Well known article writer, Leonid Fridman, in his article, “America Needs Its Nerds”, describes the truthful idea that nerds and geeks, in our society, are ostracized while the kids who play sports and party are prominent. Fridman’s purpose is to impress upon the readers that nerds should not have to conform to society’s unimpressive values of what it means to be “popular”. He adopts an indignant tone in order to convey to his readers that the idea of nerds and geeks needs to fought.
Mike Rose shares his personal story to the public in “I just wanna be average”, as he reveals the many flaws within the educational system of a high school in an economically depressed neighborhood in Los Angeles. He effectively directs his arguments towards both educators and parents by utilizing emotional and logical appeals. By convincing the audience to fear that children placed on remedial tracks are being hindered rather than assisted, the author causes both awareness and a feeling of duty to change the way we handle teaching children.
“Hidden Intellectualism,” by Gerald Graff starts off with an older argument between being book smart and street smart. Throughout the reading, Graff uses his own life experiences to critique the education system today. Points made focus on the idea of overlooking the intellectual potential of those who come across as being, “street smart”. Different authors cited in the reading to show how to accept another’s different intellectual. However, we realize that people who come across as being intellectual weren’t always labeled as that.
In Andrew Delbanco's essay, College At Risk, he talks about college education in America and at some different points, he compares them to other countries education systems. In the beginning of his essay, the basis of American college education is discussed, and how furthering your education past high school helps us become productive adults. It is also mentioned how college is a place to expand your knowledge and critical thinking skills. It is pointed out that other countries may have a better education system and possibly outperform the U.S. when it comes to certain jobs. The author then goes on to mention that the standardize testing that the American education system has, can't measure all the things we have learned in life.
A respected author John Green questions, "Why is being a nerd bad? Saying I notice you 're a nerd is like saying, ‘Hey I knows that you 'd rather be intelligent than be stupid, that you 'd rather be thoughtful of them be vapid, that you believe that there things that matter more than the arrest record of Lindsay Lohan and why is that?” Many people who are passionate about their studies question the same thing. Leonid Fridman wrote a passage “America Needs its Nerds” in order to raise concern that our society does not value intelligence. Fridman uses compare and contrast to get his point across to the readers. He makes the text more relatable by characterizing the typical American mindset. He successfully explains to the reader that the persecution of intellectuals is something our country should not be doing.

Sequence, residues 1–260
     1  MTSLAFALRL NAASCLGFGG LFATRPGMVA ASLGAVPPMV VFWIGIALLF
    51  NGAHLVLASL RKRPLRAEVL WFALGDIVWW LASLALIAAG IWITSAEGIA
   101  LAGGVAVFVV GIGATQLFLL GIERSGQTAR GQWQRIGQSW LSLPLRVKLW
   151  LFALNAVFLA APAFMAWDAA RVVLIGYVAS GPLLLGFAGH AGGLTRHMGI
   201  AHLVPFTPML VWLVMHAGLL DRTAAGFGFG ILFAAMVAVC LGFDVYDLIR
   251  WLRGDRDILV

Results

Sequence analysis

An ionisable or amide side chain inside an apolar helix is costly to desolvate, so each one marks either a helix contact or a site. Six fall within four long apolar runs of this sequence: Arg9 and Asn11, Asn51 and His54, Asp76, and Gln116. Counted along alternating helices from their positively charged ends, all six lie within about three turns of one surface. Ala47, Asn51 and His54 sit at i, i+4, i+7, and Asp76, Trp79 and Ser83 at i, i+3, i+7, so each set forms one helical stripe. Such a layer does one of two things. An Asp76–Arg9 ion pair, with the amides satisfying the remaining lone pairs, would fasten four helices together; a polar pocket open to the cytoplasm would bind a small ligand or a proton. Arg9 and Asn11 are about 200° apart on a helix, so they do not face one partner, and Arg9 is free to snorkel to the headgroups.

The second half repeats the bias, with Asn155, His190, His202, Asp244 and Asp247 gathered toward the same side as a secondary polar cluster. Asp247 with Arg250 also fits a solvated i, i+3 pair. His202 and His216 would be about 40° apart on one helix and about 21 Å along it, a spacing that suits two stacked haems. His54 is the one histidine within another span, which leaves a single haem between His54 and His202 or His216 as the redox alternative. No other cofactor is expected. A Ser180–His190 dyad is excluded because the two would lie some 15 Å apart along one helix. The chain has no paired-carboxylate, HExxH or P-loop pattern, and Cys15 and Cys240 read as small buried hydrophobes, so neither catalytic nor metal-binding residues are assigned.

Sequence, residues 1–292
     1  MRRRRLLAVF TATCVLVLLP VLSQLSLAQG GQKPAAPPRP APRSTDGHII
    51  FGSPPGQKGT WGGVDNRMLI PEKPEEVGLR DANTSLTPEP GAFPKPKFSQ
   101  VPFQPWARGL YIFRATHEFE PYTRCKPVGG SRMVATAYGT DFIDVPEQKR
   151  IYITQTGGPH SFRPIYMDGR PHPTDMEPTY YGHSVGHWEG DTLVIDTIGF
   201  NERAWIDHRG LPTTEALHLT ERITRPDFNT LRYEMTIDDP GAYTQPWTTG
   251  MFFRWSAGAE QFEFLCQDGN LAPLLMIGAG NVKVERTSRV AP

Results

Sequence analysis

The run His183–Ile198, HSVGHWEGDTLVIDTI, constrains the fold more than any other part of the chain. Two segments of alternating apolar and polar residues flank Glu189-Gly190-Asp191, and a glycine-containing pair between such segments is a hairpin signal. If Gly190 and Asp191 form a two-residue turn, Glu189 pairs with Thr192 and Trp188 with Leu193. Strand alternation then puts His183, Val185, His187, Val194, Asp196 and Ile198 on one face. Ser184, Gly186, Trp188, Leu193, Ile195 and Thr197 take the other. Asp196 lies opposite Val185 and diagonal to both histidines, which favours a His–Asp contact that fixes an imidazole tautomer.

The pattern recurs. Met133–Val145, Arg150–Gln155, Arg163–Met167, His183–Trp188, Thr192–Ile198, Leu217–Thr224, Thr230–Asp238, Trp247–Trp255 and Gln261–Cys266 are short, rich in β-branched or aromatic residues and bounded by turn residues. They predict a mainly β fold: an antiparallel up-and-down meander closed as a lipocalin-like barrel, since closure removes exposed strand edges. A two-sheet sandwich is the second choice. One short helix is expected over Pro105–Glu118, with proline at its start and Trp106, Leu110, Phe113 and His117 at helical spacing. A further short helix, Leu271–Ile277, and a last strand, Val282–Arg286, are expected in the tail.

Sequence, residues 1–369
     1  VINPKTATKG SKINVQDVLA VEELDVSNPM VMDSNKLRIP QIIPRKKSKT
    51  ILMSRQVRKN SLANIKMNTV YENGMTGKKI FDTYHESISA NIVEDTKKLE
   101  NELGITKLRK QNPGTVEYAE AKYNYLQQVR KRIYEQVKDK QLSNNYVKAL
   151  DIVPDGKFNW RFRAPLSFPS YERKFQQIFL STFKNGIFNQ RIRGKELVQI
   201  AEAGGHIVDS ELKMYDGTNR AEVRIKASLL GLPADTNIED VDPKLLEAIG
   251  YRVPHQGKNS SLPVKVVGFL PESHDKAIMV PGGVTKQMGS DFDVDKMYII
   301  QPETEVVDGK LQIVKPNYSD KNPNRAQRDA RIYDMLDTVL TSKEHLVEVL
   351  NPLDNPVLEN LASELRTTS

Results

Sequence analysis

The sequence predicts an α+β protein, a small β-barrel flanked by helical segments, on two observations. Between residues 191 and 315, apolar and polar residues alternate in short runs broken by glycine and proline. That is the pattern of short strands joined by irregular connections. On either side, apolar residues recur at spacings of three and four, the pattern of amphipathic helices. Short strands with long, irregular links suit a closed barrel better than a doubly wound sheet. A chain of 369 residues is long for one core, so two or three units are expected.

Year after year, America has been singled out for its deteriorating educational system. Fridman suggests in his passage that this is due to the attitude of anti-intellectualism plaguing American society. Fridman decides to use ethos and logos as his rhetorical strategies in his essay. Ethos convinces someone of the character or credibility of the persuader. Logos appeals to an audience by using logic and reason. In his passage, Leonid Fridman utilizes logos and ethos in order to urge his audience to value intellectual curiosity.
It is evident that Americans are passionate about their country’s education. According to a poll created by Gallup, Inc., an American research-based global performance-management consulting company, said that 55% are dissatisfied with the quality of education students receive (Gallup, 2016). When you combine that data with Shirey’s data, then you can conjure up some trouble. Another great example is when Keith incorporated a quote from a college president saying that he is fed up that the institutions are frauds because they put sports on a pedestal above academics. Even to an average joe, hearing that from an institute’s president is powerful. To an author, catching his/her audience is the most critical method in swaying their